When our longtime family doctor retired in the early 1960s, he was, according to my mother, charging the same amount for an office visit as he did in the 1930s when she and my father first became his patients. I always thought that was a bit of an exaggeration, and it probably was, but not much of one. The routine visit still hadn’t reached $10.
The health care cost comparisons of yesterday and today were brought home sharply by the discovery of the obstetric bills for the birth of my first two children two years apart in 1961 and 1963. The charges for pre- and postnatal care were a whopping $160 for my son and $150 for my daughter. The $10 difference for the boy was for a surgical procedure. Combined with a three-day stay in the hospital for their mother, the total for each was $300. Wow, that much!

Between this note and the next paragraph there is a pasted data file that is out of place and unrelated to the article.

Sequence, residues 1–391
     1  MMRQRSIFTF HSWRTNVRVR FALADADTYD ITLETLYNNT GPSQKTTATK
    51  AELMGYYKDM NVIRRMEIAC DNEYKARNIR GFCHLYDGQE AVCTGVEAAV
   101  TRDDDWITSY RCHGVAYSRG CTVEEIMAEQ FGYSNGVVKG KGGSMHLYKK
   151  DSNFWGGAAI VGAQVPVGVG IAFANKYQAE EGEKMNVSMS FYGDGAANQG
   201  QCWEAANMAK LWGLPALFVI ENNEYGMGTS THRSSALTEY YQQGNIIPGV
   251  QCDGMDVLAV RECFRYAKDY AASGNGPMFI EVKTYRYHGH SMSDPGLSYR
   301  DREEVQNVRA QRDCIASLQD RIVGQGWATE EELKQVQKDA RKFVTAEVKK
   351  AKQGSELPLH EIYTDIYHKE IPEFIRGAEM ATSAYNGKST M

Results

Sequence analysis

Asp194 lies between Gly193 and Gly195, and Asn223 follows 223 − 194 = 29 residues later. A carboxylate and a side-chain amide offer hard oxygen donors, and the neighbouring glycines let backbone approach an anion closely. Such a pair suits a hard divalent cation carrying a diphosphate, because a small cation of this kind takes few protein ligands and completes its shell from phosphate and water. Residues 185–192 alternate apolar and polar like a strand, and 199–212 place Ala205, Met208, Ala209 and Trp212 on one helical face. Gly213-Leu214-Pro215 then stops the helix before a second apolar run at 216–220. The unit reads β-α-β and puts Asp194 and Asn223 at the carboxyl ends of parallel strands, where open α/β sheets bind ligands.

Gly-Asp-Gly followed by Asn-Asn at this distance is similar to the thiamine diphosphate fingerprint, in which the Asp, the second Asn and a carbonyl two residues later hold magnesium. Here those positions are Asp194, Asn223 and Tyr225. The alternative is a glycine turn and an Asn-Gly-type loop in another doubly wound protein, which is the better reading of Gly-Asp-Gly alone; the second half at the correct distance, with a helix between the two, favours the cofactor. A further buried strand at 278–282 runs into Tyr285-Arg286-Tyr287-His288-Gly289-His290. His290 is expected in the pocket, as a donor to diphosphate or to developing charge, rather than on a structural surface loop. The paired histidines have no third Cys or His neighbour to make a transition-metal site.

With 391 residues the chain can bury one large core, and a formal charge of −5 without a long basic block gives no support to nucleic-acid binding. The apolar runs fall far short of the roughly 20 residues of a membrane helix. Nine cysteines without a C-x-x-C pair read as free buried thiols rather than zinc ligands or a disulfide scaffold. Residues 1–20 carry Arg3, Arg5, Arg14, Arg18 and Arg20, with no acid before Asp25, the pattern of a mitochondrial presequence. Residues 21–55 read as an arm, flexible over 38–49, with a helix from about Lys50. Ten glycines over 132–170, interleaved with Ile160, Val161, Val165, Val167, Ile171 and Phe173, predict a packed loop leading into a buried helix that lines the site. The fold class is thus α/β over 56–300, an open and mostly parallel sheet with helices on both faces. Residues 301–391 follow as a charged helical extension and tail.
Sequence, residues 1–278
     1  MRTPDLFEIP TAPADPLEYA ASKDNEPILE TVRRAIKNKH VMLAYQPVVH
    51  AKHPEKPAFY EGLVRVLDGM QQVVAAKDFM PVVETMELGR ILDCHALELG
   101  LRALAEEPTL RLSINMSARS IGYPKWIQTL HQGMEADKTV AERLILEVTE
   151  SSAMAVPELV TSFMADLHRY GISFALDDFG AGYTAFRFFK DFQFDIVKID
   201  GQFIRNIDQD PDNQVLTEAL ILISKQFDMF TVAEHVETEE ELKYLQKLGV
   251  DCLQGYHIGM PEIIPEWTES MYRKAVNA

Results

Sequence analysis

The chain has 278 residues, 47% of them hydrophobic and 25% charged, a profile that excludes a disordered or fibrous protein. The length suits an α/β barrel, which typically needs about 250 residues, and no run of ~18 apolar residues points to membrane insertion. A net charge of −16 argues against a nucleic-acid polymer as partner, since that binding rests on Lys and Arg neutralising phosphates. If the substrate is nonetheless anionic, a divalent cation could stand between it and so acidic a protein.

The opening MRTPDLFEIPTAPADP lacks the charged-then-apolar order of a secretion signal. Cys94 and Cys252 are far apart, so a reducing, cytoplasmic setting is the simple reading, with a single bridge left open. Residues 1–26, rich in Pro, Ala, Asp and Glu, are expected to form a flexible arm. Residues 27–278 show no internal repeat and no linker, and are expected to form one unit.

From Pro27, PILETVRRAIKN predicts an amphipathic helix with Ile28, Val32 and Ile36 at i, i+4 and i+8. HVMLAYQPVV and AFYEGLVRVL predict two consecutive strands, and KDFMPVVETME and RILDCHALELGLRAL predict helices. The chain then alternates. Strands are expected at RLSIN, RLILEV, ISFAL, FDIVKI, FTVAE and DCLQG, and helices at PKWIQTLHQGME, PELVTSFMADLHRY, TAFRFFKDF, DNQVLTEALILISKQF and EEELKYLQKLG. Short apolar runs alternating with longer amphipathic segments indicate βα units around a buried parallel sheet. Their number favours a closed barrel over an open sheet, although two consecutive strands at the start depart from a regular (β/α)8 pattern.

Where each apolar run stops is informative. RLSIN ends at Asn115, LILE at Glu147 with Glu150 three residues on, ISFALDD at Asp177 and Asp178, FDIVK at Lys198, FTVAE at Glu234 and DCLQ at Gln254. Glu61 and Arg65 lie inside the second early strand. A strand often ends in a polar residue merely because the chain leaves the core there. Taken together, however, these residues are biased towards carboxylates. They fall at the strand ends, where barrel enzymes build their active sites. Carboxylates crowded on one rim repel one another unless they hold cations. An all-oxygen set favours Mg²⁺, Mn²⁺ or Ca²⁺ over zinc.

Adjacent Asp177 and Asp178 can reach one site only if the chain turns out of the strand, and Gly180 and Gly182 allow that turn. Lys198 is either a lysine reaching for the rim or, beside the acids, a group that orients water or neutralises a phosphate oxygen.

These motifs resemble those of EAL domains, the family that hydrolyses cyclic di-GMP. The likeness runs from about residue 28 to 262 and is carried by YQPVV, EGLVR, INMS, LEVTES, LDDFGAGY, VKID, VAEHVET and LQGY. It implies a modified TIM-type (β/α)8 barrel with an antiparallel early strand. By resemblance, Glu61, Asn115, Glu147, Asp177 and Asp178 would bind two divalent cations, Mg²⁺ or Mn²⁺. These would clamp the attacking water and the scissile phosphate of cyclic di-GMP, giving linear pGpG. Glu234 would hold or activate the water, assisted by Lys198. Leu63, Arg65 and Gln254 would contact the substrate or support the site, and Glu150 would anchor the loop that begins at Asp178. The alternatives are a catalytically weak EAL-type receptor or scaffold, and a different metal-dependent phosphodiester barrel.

A friend told me that, as a 16-year-old, he would drive his doctor father on his house calls, many in poorer neighborhoods in their New England city. Before they would start out, the father would stop at a local store and load up the car with groceries that met the dietary requirements of his patients who couldn’t afford them. Rural patients, my friend said, often paid in produce and eggs and so forth.